Settle down.   We are all understandably upset — once again — but this meeting is called to order.

                 [Weary communal s  i  g  h.]

Now that we have recited our non-denominational invocation we may proceed with this week’s award for most answers.   And it goes to...


Yes, during your day job you answered question after question from a procession of distraught “visitors” (so-called out of consideration) about recommendations for what to do, along with some rather probing questions about your fellow employees.

And during your off hours loitering with others of us, you answered ever more desperate questions from lost souls about where to go, among sneaky attempts to reveal your friends’ personal habits.

All the while, you knew your answers would be met with suspicion, as are all of ours, which is why we lament, yet you nonetheless responded as best you could.

To be fair, of course, you and I must admit to distrusting most of us as well.

With that, I call to a close this meeting of ________________________________.
                      (What puzzle “pieces”?)

Free hint, meant to seem confusing:   Are you even sure you won the award?

  • 3
    $\begingroup$ Grats on 10k!!! $\endgroup$ Mar 6 '17 at 20:35
  • $\begingroup$ This sounds on its face very much like a game of the Mafia/Werewolf/Resistance type, though it doesn't seem to be an exact match for any particular such game that I know of. @humn, would you like to comment on whether that's at all along the right lines or whether we should be thinking at a higher level of abstraction? $\endgroup$
    – Gareth McCaughan
    Mar 6 '17 at 22:10
  • $\begingroup$ If it helps to know, @Gareth McCaughan, I'm blissfully ignorant of Mafia/Werewolf/Resistance. The puzzle type here is extremely well known, especially at this site. $\endgroup$
    – humn
    Mar 6 '17 at 22:12
  • $\begingroup$ (I just looked up The Resistance, @Gareth, thank you for an interesting addition to my Fun&Games Theory landscape!) $\endgroup$
    – humn
    Mar 6 '17 at 22:35

"We" are

Knights and Knaves -- habitual truth-tellers and liars -- from Smullyan-style logic problems. And perhaps also "Knormals" who don't always tell the truth or always lie.

... We are all understandably upset ...

Perhaps (as mentioned later in the speech) just because no one ever trusts us. Or perhaps because of the tragic recent death of Raymond Smullyan, who gave us so much productive employment and so many interesting conversations.

... during your day job ...

As a guard at a curiously designed prison with indistinguishable doors leading to the cells and out to freedom.

... "visitors" (so-called out of consideration) ...

It wouldn't be polite to call them condemned criminals.

... recommendations for what to do ...

Which door should I go through?

... rather probing questions about your fellow employees ...

If I were to ask him what you would say if I asked which door to go through, what would he say?

... your off hours loitering with others of us ...

By a junction in a road. Apparently one branch leads somewhere nice and the other branch somewhere not so nice.

... sneaky attempts to reveal your friends’ personal habits ...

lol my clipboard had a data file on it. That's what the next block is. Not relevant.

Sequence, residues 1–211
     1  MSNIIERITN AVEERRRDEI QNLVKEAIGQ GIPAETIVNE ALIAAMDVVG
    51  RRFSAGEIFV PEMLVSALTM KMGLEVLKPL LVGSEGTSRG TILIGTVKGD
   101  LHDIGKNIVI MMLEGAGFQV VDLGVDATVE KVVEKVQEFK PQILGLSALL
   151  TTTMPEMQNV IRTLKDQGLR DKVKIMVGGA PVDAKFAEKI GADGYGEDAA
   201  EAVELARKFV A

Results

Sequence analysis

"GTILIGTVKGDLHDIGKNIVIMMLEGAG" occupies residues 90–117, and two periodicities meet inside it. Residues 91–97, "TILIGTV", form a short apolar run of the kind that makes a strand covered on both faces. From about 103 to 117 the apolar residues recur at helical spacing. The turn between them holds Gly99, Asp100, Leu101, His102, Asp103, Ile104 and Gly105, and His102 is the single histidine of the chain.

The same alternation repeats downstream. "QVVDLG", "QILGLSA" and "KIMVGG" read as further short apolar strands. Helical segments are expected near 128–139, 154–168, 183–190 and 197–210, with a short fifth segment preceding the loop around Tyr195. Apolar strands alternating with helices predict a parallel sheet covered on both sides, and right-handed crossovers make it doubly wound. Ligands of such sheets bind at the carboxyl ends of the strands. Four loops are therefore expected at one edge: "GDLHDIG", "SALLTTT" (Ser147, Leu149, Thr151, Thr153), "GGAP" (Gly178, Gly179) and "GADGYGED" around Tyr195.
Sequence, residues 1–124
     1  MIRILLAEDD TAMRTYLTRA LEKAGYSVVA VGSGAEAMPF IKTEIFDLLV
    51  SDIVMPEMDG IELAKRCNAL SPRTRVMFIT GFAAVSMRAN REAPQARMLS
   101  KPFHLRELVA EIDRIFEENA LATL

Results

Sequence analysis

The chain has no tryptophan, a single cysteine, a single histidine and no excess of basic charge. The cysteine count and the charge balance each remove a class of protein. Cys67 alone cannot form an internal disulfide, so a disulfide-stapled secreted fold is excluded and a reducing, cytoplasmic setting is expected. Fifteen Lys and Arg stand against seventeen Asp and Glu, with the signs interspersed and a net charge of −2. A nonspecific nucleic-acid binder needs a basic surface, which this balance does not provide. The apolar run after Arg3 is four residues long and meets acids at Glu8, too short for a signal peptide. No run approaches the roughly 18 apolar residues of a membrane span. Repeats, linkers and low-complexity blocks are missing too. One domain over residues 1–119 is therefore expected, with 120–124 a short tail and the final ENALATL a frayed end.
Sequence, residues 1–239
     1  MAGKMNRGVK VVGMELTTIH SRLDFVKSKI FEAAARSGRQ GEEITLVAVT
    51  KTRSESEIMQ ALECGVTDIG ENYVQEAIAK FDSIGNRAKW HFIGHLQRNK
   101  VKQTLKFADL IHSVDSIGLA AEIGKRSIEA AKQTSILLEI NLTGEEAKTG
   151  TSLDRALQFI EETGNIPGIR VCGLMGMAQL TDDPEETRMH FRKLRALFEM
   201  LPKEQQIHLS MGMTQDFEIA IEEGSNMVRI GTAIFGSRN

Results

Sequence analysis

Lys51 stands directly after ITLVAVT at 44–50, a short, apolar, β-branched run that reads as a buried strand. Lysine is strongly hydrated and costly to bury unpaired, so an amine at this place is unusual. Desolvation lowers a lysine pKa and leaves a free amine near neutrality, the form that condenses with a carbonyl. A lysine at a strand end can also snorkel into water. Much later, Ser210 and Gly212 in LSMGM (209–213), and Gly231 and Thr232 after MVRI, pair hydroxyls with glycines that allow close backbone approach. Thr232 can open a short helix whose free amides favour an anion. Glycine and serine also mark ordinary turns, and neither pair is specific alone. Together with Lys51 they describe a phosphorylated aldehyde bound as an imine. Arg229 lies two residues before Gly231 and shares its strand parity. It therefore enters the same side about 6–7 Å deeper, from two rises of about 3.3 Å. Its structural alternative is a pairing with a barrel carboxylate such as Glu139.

Is the other person standing here a liar?

... distrusting most of us ...

I took this to be because in these puzzles one can't always tell what a given other person is, so we'd have to distrust almost everyone. But there's another explanation, which OP has indicated was intended: if we have knights, knaves and knormals in something like equal proportions, then "most of us" are not perfectly trustworthy.

... puzzle "pieces" ...

As Duncan observes in comments, knights are chess pieces.

Are you even sure you won the award?

Well, is the guy making the announcements a Knight or a Knave? Usually, though, we're assumed to know one another's knature. But if the writer is, or might be, a knormal rather than a knight or a knave, we can't tell even if we do know that.

Answer to question in title ("So why do they keep asking?"):

Well, they want to know how to get out of prison. Or which door has all the gold behind it. Or which path leads to the village serving free beer. Or how to get to heaven rather than hell. Truly, ours are weighty responsibilities.

  • $\begingroup$ I am uncertain but have a conjecture; I was adding a paragraph about gaps in my understanding while you were asking that question, which states my conjecture. $\endgroup$
    – Gareth McCaughan
    Mar 7 '17 at 2:04
  • 2
    $\begingroup$ Fits with the puzzle... "pieces" as well. Though just half of it, really. Also, "To be fair, you and I must admit..." and "Are you even sure you won the prize?" The emcee might be of the opposite type. $\endgroup$
    – Duncan
    Mar 7 '17 at 2:05
  • 1
    $\begingroup$ I confess I don't see any that particularly do, though of course I'm aware that there are puzzles in which the Knights and Knaves are joined by Knormals (who tell the truth or lie ad lib) or others who, e.g., alternate between truth and lies. $\endgroup$
    – Gareth McCaughan
    Mar 7 '17 at 2:28
  • 1
    $\begingroup$ Oh, I see. I just took it that we were mostly distrusted because, while (perhaps -- I'm not sure there's any canonical fact of the matter about the proportions!) half of us are knights rather than knaves, our visitors typically don't know what any given one of us is and therefore can't trust us. (Except that they can trust us to act according to our nature, which is why these problems are soluble.) $\endgroup$
    – Gareth McCaughan
    Mar 7 '17 at 2:38
  • 1
    $\begingroup$ OK, edited I-hope-appropriately. $\endgroup$
    – Gareth McCaughan
    Apr 10 '20 at 22:40

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